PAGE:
China Hard Landing Fears Resurface for Fund Managers
More fund managers are growing increasingly bearish on the outlook for China, believing "a hard landing" for the economy and a "commodity collapse" are currently the biggest tail risks facing markets, a monthly survey by Bank of America/Merrill Lynch showed on Wednesday.
One quarter of fund managers surveyed signaled the scenario as their top concern, compared with 18 percent in April. The survey of 231 panelists, who oversee a combined $661 billion, was conducted from May 3 to 9.
"May's Fund Manager Survey demonstrates a clear exit from China and assets connected to China – in the shape of commodities and emerging market equities," said Michael Hartnett, chief investment strategist at BofA Merrill Lynch Global Research.
Separately, the research house on Wednesday downgraded its annual gross domestic product (GDP) growth forecast for the economy to 7.6 percent for 2013 from an earlier target of 8 percent, citing sluggish external demand and base effects. A recent slew of softer economic data, including industrial production and fixed asset investment for April, have prompted economists to recalibrate their projections for the economy.
(Read More: China Shaping Up for Another Disappointing Quarter)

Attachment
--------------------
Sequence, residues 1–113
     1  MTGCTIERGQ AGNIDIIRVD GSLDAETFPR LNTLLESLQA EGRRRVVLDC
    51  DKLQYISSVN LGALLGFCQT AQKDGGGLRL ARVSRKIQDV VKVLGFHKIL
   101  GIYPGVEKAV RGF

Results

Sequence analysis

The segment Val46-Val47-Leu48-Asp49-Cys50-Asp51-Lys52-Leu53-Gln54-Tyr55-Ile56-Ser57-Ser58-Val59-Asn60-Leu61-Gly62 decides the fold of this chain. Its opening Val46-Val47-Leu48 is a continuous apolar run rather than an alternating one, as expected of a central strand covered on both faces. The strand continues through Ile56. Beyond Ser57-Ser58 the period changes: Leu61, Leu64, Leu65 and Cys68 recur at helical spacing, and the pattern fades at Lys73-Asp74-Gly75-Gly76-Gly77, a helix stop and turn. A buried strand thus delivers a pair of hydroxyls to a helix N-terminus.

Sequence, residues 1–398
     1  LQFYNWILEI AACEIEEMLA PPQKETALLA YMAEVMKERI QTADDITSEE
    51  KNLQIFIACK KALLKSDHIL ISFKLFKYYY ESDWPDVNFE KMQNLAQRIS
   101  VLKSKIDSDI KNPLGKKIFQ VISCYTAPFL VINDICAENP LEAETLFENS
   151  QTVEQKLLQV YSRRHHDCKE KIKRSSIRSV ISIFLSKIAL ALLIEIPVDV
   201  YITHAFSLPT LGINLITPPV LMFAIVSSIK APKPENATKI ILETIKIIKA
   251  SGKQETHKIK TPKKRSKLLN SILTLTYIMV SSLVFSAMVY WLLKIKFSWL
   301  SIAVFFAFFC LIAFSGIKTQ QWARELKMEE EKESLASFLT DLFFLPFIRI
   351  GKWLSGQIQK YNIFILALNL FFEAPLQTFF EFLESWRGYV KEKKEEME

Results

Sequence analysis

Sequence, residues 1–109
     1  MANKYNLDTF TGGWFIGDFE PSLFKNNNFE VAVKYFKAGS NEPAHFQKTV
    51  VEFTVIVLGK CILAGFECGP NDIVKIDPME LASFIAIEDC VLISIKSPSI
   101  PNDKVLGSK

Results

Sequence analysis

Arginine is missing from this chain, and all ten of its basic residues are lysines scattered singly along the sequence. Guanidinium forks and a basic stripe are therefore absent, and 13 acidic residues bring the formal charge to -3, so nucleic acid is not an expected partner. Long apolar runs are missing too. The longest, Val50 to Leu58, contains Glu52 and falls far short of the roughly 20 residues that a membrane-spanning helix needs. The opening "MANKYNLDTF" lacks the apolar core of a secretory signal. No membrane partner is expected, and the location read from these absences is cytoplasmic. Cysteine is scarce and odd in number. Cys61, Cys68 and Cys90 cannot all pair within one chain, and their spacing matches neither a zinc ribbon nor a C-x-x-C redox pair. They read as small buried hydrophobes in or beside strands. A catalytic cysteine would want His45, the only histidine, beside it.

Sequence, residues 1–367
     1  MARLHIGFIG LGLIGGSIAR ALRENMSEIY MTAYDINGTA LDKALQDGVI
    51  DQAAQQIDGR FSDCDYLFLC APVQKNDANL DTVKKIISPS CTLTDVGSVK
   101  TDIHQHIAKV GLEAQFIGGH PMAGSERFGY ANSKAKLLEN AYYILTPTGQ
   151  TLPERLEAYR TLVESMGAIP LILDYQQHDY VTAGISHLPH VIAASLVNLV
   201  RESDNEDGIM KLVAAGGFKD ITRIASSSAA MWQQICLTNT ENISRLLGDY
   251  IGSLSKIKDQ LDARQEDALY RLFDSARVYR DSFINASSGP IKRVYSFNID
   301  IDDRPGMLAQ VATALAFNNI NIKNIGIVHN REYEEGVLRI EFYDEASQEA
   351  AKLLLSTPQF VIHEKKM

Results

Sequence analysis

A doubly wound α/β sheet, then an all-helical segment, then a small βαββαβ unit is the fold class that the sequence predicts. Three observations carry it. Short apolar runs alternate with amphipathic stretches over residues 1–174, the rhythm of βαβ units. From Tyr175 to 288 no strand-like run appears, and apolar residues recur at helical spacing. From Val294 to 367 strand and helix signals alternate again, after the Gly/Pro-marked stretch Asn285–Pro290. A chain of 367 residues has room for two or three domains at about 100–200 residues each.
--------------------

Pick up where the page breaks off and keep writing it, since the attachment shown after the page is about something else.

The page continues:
Investors' downbeat sentiment has been reflected in the performance of the benchmark Shanghai Composite, which has fallen 9 percent in the past three months, underperforming its global peers.
Lower growth expectations for China, one of the world's largest consumer of resources, have prompted investors to turn more downbeat on commodities, the survey showed.
(Read More: HSBC: Why We Are Still a China Bull)
Almost 30 percent of asset allocators are underweight commodities – the lowest reading since December 2008 – from 11 percent in March.
The outlook for the commodities sector turned more negative this week after the world's biggest resource company, BHP Billiton, outlined on Tuesday plans to cut billions in capital and exploration expenditure next year. The miner said spending would fall to around $18 billion, down around a fifth from $22 billion estimated in the 2013 financial year.
Bluer Skies for Europe
By contrast, there is growing optimism towards European equity markets, according to the survey.
"Global investors are starting to see the euro zone as less of a problem and more of an opportunity," the bank said. "With more investors viewing the U.S. as overvalued, the valuation gap between the U.S. and the euro zone has widened even further in the past month."
Nearly 40 percent of the respondents believe euro zone equities are undervalued, up from 23 percent last month.
By CNBC's Ansuya Harjani